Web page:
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Originally appearing in Volume V12, Page 738 of the 1911 Encyclopedia Britannica.
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YII. 241772 Toll succeeded, by sheer bluff, in winning the fortress of Kristianstad. On the 16th Sprengtporten succeeded in surprising Sveaborg. But contrary winds prevented him from crossing to Stockholm, and in the meanwhile events had occurred which made his presence there unnecessary. On the 16th of August the Cap leader, Ture Rudbeck, arrived at Stockholm with the news of the insurrection in the south, and Gustavus found himself isolated in the midst of enemies. Sprengtporten lay weather-bound in Finland, Toll was five hundred miles away, the Hat leaders were in hiding. Gustavus thereupon resolved to strike the decisive blow without waiting for the arrival of Sprengtporten. He acted with military promptitude. On the evening of the 18th all the officers whom he thought he could trust received secret instructions to assemble in the great square facing the arsenal on the following morning. At ten o'clock on the 19th Gustavus mounted his horse and rode straight to the arsenal. On the way his adherents joined him in little groups, as if by accident, so that by the time he reached his destination he had about two hundred officers in his suite. After parade he reconducted them to the guard-room of the palace and unfolded his plans to them. He then dictated a new oath of allegiance, and every one signed it without hesitation. It absolved them from their allegiance to the estates, and bound them solely to obey their lawful king, Gustavus III. Meanwhile the senate and the governor-general, Rudbeck, had been arrested and the fleet secured. Then Gustavus made a tour of the city and was everywhere received by enthusiastic crowds, who hailed him as a deliverer. On the evening of the loth heralds perambulated the streets proclaiming that the estates were to meet in the Rikssaal on the following day; every deputy absenting himself would be regarded as the enemy of his country and his king. On the 21st, a few moments after the estates had assembled, the king in full regalia appeared, and taking his seat on the throne, delivered that famous philippic, one of the masterpieces of Swedish oratory, in which he reproached the estates for their unpatriotic venality and licence in the past. A new constitution was recited by the estates and accepted by them unanimously. The diet was then dissolved. Gustavus was inspired by a burning enthusiasm for the greatness and welfare of Sweden, and worked in the same reformatory direction as the other contemporary sovereigns of the " age of enlightenment." He took an active part in every department of business, but relied far more on extra-official counsellors of his own choosing than upon the senate. The effort to remedy the frightful corruption which had been fostered by the Hats and Caps engaged a considerable share of his time and he even found it necessary to put the whole of a supreme court of justice (Gota Hofratt) on its trial. Measures were also taken to reform the administration and the whole course of judicial procedure, and torture as an instrument of legal investigation was abolished. In 1774 an ordinance providing for the liberty of the press was even issued. The national defences were at the same time developed on a " Great Power " scale, and the navy was so enlarged as to become one of the most formidable in Europe. The dilapidated finances were set in good order by the " currency realization ordinance " of 1777. Gustavus also introduced new national economic principles. In 1775 free trade in corn was promoted and a number of oppressive export-tolls were abolished. The poor law was also amended, absolute religious liberty was proclaimed, and he even succeeded in inventing and popularizing a national costume which was in general use from 1778 till his death. His one great economic blunder was the attempt to make the sale of spirits a government monopoly, which was an obvious infringement upon the privileges of the estates. His foreign policy, on the other hand, was at first both wise and wary. Thus, when the king summoned the estates to assemble at Stockholm on the 3rd of September 1778, he could give a brilliant account of his six years' stewardship. Never was a parliament more obsequious or a king more gracious. " There was no room for a single No during the whole session." Yet, short as the session was, it was quite long enough to open the eyes of the deputies to the fact that their political supremacy had II departed. They had changed places with the king. He was now indeed their sovereign lord; and, for all his gentleness, the jealousy with which he guarded, the vigour with which he enforced the prerogative, plainly showed that he meant to remain so. Even the few who were patriotic enough to acquiesce in the change by no means liked it. The diet of 1778 had been obsequious; the diet of 1786 was mutinous. The consequence was that nearly all the royal propositions were either rejected outright or so modified that Gustavus himself withdrew them. The diet of 1786 marks a turning-point in Gustavus's history. Henceforth we observe a determination on his part to rule with-out a parliament; a passage, cautious and gradual, yet unflinching, from semi-constitutionalism to semi-absolutism. His opportunity came in 1788, .when the political complications arising out of his war with Catherine II. of Russia enabled him by the Act of Unity and Security (on the 17th of February 1789) to override the opposition of the rebellious and grossly unpatriotic gentry, and, with the approbation of the three lower estates, establish a new and revolutionary constitution, in which, though the estates still held the power of the purse, the royal authority largely predominated. Throughout 1789 and 1790 Gustavus, in the national interests, gallantly conducted the unequal struggle with Russia, finally winning in the Svensksund (9th-loth July) the most glorious naval victory ever gained by the Swedish arms, the Russians losing one-third of their fleet and 7000 men. A month later, on the 14th of August 1790, peace was signed between Russia and Sweden at Varala. Only eight months before, Catherine had haughtily declared that " the odious and revolting aggression " of the king of Sweden would be " for-given " only if he " testified his repentance " by agreeing to a peace granting a general and unlimited amnesty to all his rebels, and consenting to a guarantee by the Swedish diet (" as it would be imprudent to confide in his good faith alone ") for the observance of peace in the future. The peace of Varala saved Sweden from any such humiliating concession, and in October 1791 Gustavus took the bold but by no means imprudent step of concluding an eight years' defensive alliance with the empress, who thereby bound herself to pay her new ally annual subsidies amounting to 300,000 roubles. Gustavus now aimed at forming a league of princes against the Jacobins, and every other consideration was subordinated thereto. His profound knowledge of popular assemblies enabled him, alone among contemporary sovereigns, accurately to gauge from the first the scope and bearing of the French Revolution. But he was hampered by poverty and the jealousy of the other European Powers, and, after showing once more his unrivalled mastery over masses of men at the brief Gefle diet (22nd of January–24th of February 1792), he fell a victim to a widespread aristocratic conspiracy. Shot in the back by Anckarstrom at a midnight masquerade at the Stockholm opera-house, on the 16th of March 1792, he expired on the 29th. Although he may be charged with many foibles and extravagances, Gustavus III. was indisputably one of the greatest sovereigns of the 18th century. Unfortunately his genius never had full scope, and his opportunity came too late. Gustavus was, moreover, a most distinguished author. He may be said to have created the Swedish theatre, and some of the best acting dramas in the literature are by his hand. His historical essays, notably the famous anonymous eulogy on Torstenson crowned by the Academy, are full of feeling and exquisite in style, his letters to his friends are delightful. Every branch of literature and art interested him, every poet and artist of his day found in him a most liberal and sympathetic protector. See R. N. Bain, Gustavus III. and his Contemporaries (London, 1904) ; E. G. Geijer, Konung Gustaf III.'s efterlemnade papper (Upsala, 1843–1841) ; C. T. Odhner, Sveriges politiska historia under Konung Gustaf III.'s regering (Stockholm, 1885–1896) ; B. von Beskow, Om Gustaf III. sdsom Konung och mdnniska (Stockholm, 186o–1861) ; O. Levertin, Gustaf III. som dramatisk forfattare (Stockholm, 1894) ; Gustaf III.'s bref till G. M. Armfelt (Fr.) (Stock-holm, 1883); Y. K. Grot, Catharine II. and Gustavus III. (Russ.) (St Petersburg, 1884). (R. N. B.)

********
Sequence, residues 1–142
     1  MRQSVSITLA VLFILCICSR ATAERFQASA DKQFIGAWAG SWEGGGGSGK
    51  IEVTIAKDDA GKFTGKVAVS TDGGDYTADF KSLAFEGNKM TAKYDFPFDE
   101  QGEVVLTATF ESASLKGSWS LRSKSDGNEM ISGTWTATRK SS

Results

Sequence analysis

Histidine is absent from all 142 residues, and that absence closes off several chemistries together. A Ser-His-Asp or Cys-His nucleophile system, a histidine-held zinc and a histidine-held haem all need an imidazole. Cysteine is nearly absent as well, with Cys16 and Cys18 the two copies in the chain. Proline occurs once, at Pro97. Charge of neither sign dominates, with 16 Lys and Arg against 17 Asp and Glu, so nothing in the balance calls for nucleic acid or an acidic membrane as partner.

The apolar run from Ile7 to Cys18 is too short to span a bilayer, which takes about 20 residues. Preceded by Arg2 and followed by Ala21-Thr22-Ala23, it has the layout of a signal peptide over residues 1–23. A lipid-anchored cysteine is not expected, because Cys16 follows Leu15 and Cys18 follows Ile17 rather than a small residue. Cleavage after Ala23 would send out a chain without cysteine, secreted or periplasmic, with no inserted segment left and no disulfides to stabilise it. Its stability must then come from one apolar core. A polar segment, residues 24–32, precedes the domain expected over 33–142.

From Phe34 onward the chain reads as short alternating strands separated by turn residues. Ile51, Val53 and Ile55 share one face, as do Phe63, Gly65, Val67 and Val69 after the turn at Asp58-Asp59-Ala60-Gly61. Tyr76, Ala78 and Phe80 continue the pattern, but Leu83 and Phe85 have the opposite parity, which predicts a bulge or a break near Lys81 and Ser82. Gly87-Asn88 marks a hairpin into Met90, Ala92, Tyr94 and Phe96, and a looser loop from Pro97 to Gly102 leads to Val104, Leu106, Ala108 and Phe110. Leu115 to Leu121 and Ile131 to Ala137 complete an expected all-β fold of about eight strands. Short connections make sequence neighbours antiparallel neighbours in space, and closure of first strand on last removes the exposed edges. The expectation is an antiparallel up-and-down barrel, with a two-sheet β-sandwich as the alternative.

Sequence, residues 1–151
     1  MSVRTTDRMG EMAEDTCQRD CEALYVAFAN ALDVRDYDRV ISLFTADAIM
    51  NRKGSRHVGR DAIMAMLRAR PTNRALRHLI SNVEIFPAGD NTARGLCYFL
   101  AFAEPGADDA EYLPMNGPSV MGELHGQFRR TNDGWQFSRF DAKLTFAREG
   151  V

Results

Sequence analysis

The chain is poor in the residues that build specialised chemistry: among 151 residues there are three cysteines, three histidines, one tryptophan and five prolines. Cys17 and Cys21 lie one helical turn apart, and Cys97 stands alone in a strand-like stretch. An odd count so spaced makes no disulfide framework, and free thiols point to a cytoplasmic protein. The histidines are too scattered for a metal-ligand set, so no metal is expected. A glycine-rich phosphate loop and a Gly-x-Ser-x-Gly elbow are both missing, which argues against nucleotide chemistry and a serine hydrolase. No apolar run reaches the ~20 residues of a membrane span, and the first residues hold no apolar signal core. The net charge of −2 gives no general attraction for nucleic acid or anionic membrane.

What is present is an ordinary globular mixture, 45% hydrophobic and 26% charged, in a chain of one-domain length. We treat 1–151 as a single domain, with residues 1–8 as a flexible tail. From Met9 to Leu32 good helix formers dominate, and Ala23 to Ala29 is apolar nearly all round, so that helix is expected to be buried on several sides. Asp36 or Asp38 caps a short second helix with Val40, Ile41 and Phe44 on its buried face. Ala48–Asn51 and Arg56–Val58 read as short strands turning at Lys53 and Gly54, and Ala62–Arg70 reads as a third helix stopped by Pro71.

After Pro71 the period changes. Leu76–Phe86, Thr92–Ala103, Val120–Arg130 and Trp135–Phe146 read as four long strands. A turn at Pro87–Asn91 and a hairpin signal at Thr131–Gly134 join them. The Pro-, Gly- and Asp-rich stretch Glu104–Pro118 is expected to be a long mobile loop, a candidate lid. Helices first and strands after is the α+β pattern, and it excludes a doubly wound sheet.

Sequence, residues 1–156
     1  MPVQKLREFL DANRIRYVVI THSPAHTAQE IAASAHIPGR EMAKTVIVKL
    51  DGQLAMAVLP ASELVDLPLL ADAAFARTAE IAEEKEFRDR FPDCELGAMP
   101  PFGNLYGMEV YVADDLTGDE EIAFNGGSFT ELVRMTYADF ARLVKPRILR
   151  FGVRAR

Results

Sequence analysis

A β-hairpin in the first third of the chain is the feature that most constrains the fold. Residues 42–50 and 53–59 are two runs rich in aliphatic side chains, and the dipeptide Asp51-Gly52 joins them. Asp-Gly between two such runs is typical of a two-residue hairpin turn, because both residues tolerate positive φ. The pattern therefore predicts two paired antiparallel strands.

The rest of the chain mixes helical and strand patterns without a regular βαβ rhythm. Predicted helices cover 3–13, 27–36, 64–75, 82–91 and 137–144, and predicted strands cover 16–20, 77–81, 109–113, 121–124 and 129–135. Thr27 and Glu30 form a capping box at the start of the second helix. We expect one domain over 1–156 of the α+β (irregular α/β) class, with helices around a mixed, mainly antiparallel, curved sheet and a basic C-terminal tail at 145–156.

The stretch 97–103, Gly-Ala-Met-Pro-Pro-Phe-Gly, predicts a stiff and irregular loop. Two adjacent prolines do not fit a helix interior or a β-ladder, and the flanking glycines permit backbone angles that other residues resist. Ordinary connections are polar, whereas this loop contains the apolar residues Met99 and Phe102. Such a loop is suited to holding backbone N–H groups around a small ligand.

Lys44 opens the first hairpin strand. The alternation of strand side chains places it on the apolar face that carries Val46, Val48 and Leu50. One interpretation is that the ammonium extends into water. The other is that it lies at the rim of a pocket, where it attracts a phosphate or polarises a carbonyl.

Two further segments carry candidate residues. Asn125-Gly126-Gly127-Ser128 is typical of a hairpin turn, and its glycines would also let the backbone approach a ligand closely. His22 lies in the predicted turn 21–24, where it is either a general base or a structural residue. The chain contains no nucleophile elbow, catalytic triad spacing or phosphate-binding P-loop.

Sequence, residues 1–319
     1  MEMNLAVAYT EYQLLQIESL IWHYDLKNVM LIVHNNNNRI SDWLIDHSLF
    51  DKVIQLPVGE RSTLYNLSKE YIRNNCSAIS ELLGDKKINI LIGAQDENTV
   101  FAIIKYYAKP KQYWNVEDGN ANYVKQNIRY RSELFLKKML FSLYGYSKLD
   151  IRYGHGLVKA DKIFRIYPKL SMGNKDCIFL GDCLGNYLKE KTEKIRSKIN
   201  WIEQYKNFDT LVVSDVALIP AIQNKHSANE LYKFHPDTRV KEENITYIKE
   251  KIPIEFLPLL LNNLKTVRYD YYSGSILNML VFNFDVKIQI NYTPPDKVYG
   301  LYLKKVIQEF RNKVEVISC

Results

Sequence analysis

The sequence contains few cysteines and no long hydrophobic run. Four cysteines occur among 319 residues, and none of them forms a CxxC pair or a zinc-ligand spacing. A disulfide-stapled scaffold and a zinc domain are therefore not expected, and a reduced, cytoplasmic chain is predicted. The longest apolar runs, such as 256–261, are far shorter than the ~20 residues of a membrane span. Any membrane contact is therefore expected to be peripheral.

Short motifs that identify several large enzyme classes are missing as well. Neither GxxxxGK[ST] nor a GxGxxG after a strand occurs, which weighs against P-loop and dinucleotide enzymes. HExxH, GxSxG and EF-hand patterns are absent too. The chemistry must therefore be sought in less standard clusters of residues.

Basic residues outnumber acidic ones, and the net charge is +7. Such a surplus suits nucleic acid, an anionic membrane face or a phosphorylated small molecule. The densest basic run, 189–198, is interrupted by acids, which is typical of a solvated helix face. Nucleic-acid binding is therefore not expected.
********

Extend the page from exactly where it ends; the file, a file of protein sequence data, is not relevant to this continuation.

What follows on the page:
End of Article: YII